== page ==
A useful idea in overcoming mental anxiety is the mind palace. Let it be a comfortable structure, holding the sum of all of your acquired knowledge, where people may decorate and reside in their own room. These perceptions of people could be close family, good friends, single-serving friends, inspirational figures, imaginary characters, or sworn enemies. You make the house rules and you’re the landlord. Shouldn’t the first rule be forbidding enemies from attempting mental trespassing?
Just as dehydration wilts a flower, complaining wilts a conversation. Maybe faster? We might complain to express displeasure aspects of a current situation. It’s alright if you’re looking for possible solution. If not, if you’re just looking to spread negativity and hatred, get out! Just get your mind straight! Complaining is oppressive, disrespectful, yet with accepting any little help, you could start fixing it. It’s terrible being on the receiving end of complaining without acting.
The mind, for most, has taken priority over the body. The advantages are plenty. Technological activities are sugar-rushes of cerebral entertainment infinitely more exciting than our drab world. Those with physical impairments can now join in, whereas even 20 years ago, social ostracization was normal. The disadvantages are also plenty. The ailments some encounter could result from our sedentary lifestyles. The mind/body imbalance. The wasted potential. The body, for most, has become a rusty tool.
“I end up lashing out at him because he’s the one closest to me.” When we finally express our anger, it’s rarely that event actually breaking our figurative back. It’s the combination of stresses that cause us to lash out: irate people, heavy traffic, prolonged multitasking, sleep deprivation, and infinitely more. Rather than medicate with negative solutions, how about some healthy ways to proactively take control of your anger before you lash out at others?
Compared to the mad rush to lose weight I had in my mid-20s, which saw me burn off 60 pounds 6 months, my main focus now is general health. Improving my diet. Increasing my mobility, flexibility, and overall endurance. I’ve been feeling better in some areas, while feeling more fatigued in other areas. Despite of all this hard work, even burning 136 (or 33+28+24+24+27) calories on a new rowing machine doesn’t feel like that much progress. Fitness ain’t easy.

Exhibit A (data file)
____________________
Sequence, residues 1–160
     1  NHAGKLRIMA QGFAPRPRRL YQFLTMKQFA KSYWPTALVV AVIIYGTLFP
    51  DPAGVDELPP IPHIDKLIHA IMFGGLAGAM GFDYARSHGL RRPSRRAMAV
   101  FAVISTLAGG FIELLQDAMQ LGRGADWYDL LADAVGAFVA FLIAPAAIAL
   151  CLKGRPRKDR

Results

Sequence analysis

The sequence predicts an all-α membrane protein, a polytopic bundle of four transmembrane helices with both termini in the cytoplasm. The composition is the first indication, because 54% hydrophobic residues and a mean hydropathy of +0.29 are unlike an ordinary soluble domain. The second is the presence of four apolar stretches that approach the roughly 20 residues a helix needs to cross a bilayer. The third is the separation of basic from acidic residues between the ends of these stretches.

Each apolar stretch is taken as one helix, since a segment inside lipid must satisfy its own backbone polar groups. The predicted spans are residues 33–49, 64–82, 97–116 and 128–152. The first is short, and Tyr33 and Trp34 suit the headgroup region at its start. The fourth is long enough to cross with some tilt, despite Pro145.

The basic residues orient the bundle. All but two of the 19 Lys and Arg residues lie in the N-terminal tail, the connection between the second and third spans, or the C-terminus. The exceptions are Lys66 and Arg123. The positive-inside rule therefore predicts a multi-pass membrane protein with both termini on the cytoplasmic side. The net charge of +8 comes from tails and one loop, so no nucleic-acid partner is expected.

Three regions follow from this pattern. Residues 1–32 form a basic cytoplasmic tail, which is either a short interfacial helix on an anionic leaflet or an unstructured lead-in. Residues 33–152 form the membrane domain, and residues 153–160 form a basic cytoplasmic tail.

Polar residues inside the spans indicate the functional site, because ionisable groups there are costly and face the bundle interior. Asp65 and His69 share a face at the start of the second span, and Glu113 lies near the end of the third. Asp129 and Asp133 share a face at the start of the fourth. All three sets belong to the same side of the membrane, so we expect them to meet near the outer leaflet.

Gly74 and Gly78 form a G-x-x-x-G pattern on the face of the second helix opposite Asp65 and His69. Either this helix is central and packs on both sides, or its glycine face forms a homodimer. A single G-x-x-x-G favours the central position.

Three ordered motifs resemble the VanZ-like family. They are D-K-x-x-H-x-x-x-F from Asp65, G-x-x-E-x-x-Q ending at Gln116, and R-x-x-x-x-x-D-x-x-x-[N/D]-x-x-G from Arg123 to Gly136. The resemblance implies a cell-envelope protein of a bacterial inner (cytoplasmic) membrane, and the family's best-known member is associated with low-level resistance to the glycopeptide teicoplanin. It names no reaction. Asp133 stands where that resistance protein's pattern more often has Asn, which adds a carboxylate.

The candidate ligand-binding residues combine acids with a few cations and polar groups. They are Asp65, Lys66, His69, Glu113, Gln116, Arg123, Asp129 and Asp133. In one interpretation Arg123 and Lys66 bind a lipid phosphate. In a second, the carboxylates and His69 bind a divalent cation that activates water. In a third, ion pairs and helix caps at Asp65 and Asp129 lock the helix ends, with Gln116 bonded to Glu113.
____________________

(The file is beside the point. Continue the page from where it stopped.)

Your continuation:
Stress is a weight we carry, sometimes in brief moments lasting days or weeks, and sometimes lasting years. Stress is a hidden burden that changes us into terrible tyrants and miserable monsters. Stress stains our lives with pain. Stress might be the root cause of all diseases and inflictions, yet we do so little to fight it. Stress is the acquaintance we invite into our lives that wrecks havoc. How can we drop this weight?
I think we complain when we’re too emotionally invested in some logical frustration. It’s the thorn in the side except we’re so overwhelmed by the situation that we don’t know what to do. Certainly not letting others help! We might even lash out against them. It’s natural and cathartic to complain to others. It’s just that we should always try to complain to attain remedies to our ailments, rather than repeatedly replay our dissatisfactions, infinitely.
Missed yesterday’s post. That broke the 41-day run. Also missed both rowing sessions, which happens more often. My writing quality went down so it was good to have the day off. In this week’s column about main exercise, some about diet, and hinting at general healthy lifestyles, let’s talk about how exercise is in a sense like exorcising those stress demons that can lead to missing days, lacking self confidence, and how to conquer them.